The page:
When ‘Fat’ Is a Good Thing: Essential Fatty Acids in a Pet’s Diet
Jun 02, 2019 09:35AM
Optimizing a pet’s health always starts with providing a species-appropriate diet that is minimally processed. When cats and dogs eat diets that nourished their ancestors for thousands of years, they are at a significantly lower risk of modern disease epidemics associated with chronic inflammation and poor nutrition. Unfortunately, even when we provide fresh whole foods and take care to balance our pets’ diets, there are still often imbalances in essential fatty acids that can lead to numerous degenerative and disease processes.
What are essential fatty acids (EFAs)?
EFAs are functional fats that our pets need to consume in their diets because they cannot be made by the body. EFAs are also known as Omega-6 and Omega-3 fatty acids. Both are needed, but Omega-3s are the superstars associated with anti-inflammatory functions, including modulating the immune system and slowing the development of some types of cancers.
Omega-3s include alpha-linolenic acid (ALA), docosahexaenoic acid (DHA), and eicosapentaneoic acid (EPA). Omega-6 fatty acids are found primarily in vegetable oils, nuts and seeds. Omega-3 fatty acids are highest in fish and flax seeds, but smaller amounts are found in pastured eggs, meats and dairy products from grass-fed animals, hemp seeds and vegetables like spinach and Brussels sprouts.
Our pets’ ancestors maintained appropriate ratios of Omega-6s to Omega-3s because the food they were eating was naturally “pasture-raised” and “grass-fed”. When our pets today consume animal products from grain-fed animals, or we feed them foods loaded with vegetable oils and grains, their diets create a pro-inflammatory internal environment with inappropriately high levels of Omega-6 fatty acids.
How are Omega-3 fatty acids beneficial?
Hundreds of studies in companion animals (and thousands of studies in people) have shaped our current knowledge of the benefits of supplementing Omega-3 fatty acids. Just a few of the known reasons to supplement with Omega-3s include:
- Improvement in pain and stiffness associated with osteoarthritis and degenerative joint disease
- Decrease in allergy-related itchiness, ear infections and skin disease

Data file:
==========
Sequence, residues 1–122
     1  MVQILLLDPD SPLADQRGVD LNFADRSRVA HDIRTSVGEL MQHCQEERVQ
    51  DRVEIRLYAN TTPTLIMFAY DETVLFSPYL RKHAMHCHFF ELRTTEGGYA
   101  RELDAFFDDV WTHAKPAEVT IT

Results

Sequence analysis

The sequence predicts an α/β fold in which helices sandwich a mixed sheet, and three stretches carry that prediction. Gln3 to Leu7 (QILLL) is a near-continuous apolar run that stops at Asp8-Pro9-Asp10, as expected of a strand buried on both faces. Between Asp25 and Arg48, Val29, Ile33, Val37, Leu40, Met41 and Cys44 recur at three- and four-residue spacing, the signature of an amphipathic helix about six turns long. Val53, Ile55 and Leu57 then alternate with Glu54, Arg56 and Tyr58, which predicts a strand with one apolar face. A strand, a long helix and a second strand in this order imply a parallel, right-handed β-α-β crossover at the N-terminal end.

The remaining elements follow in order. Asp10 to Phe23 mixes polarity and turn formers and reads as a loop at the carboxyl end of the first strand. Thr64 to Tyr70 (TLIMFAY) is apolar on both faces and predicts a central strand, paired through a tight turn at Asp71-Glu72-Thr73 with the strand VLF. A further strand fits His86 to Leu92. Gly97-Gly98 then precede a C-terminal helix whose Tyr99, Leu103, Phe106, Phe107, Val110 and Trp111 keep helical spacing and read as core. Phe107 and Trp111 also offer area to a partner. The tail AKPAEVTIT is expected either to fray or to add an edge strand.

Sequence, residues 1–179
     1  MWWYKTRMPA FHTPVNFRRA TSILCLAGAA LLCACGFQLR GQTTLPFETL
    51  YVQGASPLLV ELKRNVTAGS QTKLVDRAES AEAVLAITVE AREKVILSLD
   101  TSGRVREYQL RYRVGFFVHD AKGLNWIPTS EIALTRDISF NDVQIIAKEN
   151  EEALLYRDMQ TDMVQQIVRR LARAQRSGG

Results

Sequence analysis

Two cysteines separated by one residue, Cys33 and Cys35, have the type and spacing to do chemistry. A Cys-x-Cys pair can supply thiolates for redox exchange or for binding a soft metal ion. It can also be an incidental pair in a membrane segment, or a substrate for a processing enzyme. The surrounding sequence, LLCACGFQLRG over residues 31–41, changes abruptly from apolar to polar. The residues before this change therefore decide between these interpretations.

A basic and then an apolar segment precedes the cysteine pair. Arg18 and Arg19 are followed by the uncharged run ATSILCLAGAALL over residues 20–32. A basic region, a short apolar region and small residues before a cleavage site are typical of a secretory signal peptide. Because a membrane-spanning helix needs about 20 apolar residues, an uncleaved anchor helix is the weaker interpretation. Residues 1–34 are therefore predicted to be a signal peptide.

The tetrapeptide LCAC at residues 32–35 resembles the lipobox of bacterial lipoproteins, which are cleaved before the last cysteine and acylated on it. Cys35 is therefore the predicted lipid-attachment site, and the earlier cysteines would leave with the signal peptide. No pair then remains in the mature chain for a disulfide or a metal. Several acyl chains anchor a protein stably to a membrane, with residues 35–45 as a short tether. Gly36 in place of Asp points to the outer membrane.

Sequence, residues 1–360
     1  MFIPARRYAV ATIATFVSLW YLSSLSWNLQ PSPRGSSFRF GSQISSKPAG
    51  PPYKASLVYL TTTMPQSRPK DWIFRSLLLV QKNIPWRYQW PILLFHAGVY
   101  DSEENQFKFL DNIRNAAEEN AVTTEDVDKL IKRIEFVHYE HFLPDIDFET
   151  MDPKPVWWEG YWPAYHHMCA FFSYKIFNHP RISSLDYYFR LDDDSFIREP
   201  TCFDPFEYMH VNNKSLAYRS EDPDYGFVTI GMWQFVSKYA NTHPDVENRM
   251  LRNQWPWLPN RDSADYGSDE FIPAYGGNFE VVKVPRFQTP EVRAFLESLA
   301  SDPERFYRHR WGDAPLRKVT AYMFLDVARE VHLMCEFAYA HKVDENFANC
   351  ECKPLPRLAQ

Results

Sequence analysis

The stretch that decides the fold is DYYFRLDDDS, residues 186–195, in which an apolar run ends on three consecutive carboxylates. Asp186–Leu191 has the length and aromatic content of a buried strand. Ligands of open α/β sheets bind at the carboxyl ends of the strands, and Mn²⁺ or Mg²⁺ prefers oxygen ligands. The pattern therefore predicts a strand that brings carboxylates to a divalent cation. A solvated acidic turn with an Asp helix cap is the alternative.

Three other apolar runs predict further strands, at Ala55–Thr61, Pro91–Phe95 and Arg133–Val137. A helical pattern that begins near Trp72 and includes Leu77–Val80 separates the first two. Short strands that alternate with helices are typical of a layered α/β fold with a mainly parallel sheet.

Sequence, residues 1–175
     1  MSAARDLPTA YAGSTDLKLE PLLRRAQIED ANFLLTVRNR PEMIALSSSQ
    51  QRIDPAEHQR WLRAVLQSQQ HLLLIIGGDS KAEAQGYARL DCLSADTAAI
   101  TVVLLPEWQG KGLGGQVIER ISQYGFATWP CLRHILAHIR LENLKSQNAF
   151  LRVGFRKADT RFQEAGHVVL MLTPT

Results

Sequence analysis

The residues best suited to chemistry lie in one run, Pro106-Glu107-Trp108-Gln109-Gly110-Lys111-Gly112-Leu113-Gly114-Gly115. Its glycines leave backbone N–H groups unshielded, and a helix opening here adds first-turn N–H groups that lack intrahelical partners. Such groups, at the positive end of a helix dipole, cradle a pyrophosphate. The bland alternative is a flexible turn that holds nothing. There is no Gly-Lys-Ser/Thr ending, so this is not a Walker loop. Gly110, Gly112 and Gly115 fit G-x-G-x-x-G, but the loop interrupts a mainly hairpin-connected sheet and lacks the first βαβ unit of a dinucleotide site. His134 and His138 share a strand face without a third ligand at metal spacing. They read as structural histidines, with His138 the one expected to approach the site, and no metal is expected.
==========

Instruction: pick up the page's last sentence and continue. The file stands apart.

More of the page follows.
- Modulation of auto-immune diseases
- Improved neurocognitive development in growing animals supplemented with DHA, including better functioning on cognitive tests, better vision and higher titers after Rabies vaccination
- Improvement in both sleep problems and confusion in older dogs with cognitive dysfunction syndrome
- Decreased inflammation associated with heart disease, improvement of cardiac arrhythmias and decreased loss of muscle
- Significantly improved longevity in cats and dogs with chronic kidney disease, as well as better muscle mass and appetite
- Reduced rates of some types of cancers, as well as the promotion of cancer cell differentiation (normalization) and tumor shrinkage induced by DHA
- Improvement in the control of epilepsy
- Prevention of neuropathy associated with diabetes
Omega-3 fatty acids are available from two main sources: plants and animals. Plant sources, such as flax oil, provide primarily ALA, which is then converted by the body to EPA and DHA. Dogs and cats cannot efficiently process this conversion, and they should be provided with an Omega-3 source derived from fish or krill. Krill, which are small, shrimp-like crustaceans, yield an oil with lower levels of EPA and DHA than those in fish oil. However, the phospholipid structure of krill oil is much more absorbable, making it a more potent anti-inflammatory in the body. In addition, krill contains far fewer contaminants because mercury, PCBs, toxic metal and other ocean contaminants bio-accumulate in larger species higher up the food chain.
Farm raised fish are the worst source of fish oil, as their levels of pesticides and other contaminants are literally millions of times higher than those found in wild fish, but wild fish sources of Omega-3 oil are depleted and the Omega-3 market is driving overfishing. Krill oil, sourced from wild stocks that are abundant, is the clear choice for pets.
Omega-3 oil is prone to oxidizing (becoming rancid) and should be purchased in capsules or liquid with a pump delivery system and refrigerated after opening. If the oils overheat during transit or in a warehouse, or if they are exposed to air, they can be detrimental to a pet and promote the production of free radicals.
Supplementing with Omega-3 fatty acids has few side effects. Some pets may not like the taste, and it can take one to three weeks for a pet’s digestive system to become accustomed to the new supplement. If a pet experiences soft stool, slow down or stop the supplement, and proceed more gradually. If a pet is scheduled for surgery, Omega-3 supplements should be halted a few days prior to surgery to minimize any potential risk of less efficient blood clotting.
Dr. Laura Weis and her husband, Dr. Ransome Weis, own and operate Doylestown Veterinary Hospital & Holistic Pet Care, and Holiday House Pet Resort & Training Center, in Doylestown. She focuses on homeopathy and nutrition counseling for her clients within the full-service veterinary practice. Call 215-345-6000 to request an appointment. June 2019